For many, the scale of our collective challenge is too vast to comprehend, or simply too unpleasant to contemplate. In his 2017 book, Surviving the 21st Century, Julian Cribb outlines ten existential threats to the survival of the human race, from ecological collapse, to chemical poisoning, to nuclear winter. Far from wild fantasy, the likelihood of a major catastrophe is backed up by a harrowing number of credible scientific voices. What we desperately need is a simple, clear plan to address our situation, and lead forward into a stable, sustainable and prosperous future.
At present, the solutions are fragmented and incomplete. Responding to topsoil loss, campaigns focus on regenerative agriculture. For carbon emissions, they spruik solar or wind generators, and for peak oil, they propose localization. For desertification, they favour mass plantings, and for habitat loss, wildlife refuges. For obesity, they promote walkability, and for malnutrition, biofortification. For slowing growth, they subsidise mega-mines. But special-interest campaigns will not save us from collapse. While enormous effort is devoted to a single issue, the others spiral out of control.
Likewise, many people rationally or intuitively sense what must be done. Far from the religious faith in technological salvation, what we actually need is a new way of life that is closer to our agrarian ancestors, closer with nature, and largely reliant on what we can produce within the local area: a civilization of forest gardens combining ancient traditions with 21st century know-how, revitalizing the environment while meeting human needs, increasing biodiversity and soil fertility, and stabilizing the climate with a thick cover of vegetation. These gardens will increase the efficient, sustainable productivity of the land, and the F.A.O and United Nations, institutions uniquely free from patriotic bias or commercial self-interest, agree.
In recent years, permaculture and agroecology have received growing popular interest, and “urban farming” has become something of a fad. Many people, both young and old, dream of a self-sufficient homestead with a veggie garden, a cosy house, a pond, an orchard, meadow and tall trees, a place where grandparents can grow old, and children can grow up in safety, joy and stability.
On this kind of family homestead, people will grow and eat clean, nutrient-dense food, selling the surplus for a healthy profit. Local economies will flourish, unemployment will disappear, healthcare costs will shrink, and carbon sequestration will begin en masse. Rainfall will become more regular, the climate will stabilize, and we will protect ourselves against the shocks of the international economy. In the tranquil surrounds of nature, scientific research will bring new and useful innovations for the benefit of the planet and the people. The greater expanse of the Australian landscape will be transformed into a patchwork of Earthly paradise. Ours will be a strong nation, rich and prosperous, stable and sustainable, and we will emerge as a world leader in human development.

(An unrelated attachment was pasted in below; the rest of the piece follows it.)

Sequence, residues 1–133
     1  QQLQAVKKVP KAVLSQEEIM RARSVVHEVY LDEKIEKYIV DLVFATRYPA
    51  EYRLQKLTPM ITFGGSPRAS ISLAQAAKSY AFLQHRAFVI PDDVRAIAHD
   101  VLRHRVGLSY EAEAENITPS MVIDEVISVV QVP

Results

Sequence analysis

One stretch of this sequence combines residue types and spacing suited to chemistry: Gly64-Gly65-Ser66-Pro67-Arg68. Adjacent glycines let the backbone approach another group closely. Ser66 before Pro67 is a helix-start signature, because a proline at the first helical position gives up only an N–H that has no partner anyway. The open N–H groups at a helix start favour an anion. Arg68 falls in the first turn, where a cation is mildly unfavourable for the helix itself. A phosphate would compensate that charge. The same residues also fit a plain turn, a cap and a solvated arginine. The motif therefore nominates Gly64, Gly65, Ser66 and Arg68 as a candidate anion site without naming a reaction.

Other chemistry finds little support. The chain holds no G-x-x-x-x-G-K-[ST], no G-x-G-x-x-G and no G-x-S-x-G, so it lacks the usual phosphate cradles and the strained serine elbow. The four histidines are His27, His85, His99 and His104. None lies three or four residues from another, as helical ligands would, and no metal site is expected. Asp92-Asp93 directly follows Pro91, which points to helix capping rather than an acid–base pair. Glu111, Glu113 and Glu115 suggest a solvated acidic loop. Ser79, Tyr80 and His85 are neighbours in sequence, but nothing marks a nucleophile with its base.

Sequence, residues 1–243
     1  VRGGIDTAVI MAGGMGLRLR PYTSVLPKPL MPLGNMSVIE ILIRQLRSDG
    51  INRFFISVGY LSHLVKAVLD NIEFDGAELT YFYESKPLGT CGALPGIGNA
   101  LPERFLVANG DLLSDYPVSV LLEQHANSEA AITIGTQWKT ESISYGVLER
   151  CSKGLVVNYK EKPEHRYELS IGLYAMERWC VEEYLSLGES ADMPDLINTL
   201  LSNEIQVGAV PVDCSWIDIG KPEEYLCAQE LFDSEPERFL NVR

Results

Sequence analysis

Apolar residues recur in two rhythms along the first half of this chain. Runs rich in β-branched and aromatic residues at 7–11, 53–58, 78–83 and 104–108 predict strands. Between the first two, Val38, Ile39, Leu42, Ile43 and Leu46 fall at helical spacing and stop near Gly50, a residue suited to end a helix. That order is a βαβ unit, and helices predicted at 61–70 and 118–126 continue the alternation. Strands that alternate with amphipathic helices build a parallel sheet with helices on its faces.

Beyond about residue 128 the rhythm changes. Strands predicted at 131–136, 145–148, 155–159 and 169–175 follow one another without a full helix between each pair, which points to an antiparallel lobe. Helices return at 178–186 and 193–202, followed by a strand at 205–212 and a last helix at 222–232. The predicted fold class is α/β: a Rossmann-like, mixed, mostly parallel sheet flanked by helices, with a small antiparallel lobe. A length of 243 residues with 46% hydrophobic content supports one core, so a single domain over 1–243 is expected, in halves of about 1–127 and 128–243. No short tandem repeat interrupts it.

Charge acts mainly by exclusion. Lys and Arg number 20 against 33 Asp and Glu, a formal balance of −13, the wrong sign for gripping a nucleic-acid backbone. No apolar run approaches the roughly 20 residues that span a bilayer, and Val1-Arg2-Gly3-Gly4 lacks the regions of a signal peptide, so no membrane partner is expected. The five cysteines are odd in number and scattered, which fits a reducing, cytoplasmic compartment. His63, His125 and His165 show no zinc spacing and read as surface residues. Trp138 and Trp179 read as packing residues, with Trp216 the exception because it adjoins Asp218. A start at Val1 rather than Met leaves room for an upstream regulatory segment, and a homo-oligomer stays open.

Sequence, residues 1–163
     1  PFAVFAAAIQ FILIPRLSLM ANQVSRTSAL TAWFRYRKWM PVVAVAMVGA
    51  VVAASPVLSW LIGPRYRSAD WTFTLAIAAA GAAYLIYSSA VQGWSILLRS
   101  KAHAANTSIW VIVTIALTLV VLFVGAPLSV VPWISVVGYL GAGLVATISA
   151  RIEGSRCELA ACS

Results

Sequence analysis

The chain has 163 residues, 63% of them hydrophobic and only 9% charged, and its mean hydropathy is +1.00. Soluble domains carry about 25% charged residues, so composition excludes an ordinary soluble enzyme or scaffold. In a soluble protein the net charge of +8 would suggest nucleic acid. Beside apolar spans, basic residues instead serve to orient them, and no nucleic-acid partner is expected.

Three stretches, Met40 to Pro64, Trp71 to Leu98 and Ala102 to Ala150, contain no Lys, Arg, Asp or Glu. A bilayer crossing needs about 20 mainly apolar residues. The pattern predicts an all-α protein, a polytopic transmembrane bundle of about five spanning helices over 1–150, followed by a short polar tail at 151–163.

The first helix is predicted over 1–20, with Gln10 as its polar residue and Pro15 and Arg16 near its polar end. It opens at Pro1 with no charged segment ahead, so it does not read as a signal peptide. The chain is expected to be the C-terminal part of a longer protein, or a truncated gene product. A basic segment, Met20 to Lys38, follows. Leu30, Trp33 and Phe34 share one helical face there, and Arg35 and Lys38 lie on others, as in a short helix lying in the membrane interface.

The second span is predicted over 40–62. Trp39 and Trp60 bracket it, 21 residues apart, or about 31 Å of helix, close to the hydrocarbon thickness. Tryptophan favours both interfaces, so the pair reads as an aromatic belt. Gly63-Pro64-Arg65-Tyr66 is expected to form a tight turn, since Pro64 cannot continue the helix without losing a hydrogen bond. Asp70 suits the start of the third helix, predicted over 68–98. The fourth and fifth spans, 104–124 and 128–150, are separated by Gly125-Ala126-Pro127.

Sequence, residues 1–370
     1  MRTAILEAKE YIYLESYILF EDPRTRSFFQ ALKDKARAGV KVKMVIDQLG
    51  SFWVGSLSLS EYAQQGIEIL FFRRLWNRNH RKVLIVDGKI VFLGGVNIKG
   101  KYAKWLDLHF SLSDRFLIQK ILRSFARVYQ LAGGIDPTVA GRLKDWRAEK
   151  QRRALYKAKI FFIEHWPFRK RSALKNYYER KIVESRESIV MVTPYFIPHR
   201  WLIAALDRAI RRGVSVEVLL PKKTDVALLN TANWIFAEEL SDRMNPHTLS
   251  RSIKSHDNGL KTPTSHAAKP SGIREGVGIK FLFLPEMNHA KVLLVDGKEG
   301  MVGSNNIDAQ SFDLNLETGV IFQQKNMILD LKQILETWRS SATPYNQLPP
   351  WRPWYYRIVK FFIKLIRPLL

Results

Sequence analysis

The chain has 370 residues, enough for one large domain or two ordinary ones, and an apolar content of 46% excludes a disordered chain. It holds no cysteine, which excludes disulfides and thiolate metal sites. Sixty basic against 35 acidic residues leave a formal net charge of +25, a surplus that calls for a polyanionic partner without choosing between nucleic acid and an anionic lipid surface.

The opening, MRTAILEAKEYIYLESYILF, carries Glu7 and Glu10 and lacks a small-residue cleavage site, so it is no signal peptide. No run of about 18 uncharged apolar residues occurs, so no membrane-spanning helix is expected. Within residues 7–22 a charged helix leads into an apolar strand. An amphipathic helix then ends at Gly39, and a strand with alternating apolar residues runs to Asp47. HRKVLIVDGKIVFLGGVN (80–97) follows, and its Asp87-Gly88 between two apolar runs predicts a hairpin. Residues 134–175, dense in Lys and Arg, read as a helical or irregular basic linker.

So what is standing in the way? Years of economic quick-fixing has created a massive economic bubble. Real estate is absurdly expensive, locking young generations off the land and preventing any kind of true sustainability. It is a death-march towards inevitable catastrophe.
Access to land is necessary for the survival of our country. Anyone willing to grow their own future, take responsibility for the health of the land, and contribute a surplus to the wider economy should be hailed as a national hero. For in the 21st century, the homestead gardener is the new soldier of national security—feeding the country and keeping our economy safe from external instabilities.
The first step is to change the planning laws to allow for a new type of subdivision, about one hectare in size, which cannot be bought or sold. These family homesteads are not financial assets, but ecological canvases on which to paint a beautiful livelihood for future generations. Second, to publicly purchase and distribute land to anyone wishing to garden in such a way. For a fraction of the cost of current grants and welfare programs, with none of the ills of lifetime dependency, a new generation of small producers will quickly become self-sufficient and form the backbone of a sustainable 21st century economy.
Such proposals inevitably raise the ire of corrupt academics and corporate public relations. Hypnotised by greed, they promulgate dishonest studies that mask the true cost of their patented products. And all too often, the embittered folk who struggled in life resent the idea of a bright and happy future.
But the turning point has come, and our backs are against the wall. Inheriting a system on the brink of collapse, we are literally fighting for our lives.
We need to live sustainably, and for that, we need secure access to land. Composting and solar panels are great, but on their own they are not enough. Free allotments are the way forward, coupled with massive public education about sustainable gardening. This is the best value, most efficient, investment for public money.
The choice is simple: buckle down for disasters, or move forward with a plan that prevents them. So where are the rational people? Stop clamoring for Tesla™. Let’s start growing our future.
We support free land for sustainable development!
We support a law on family homesteads!
A free hectare for any individual!
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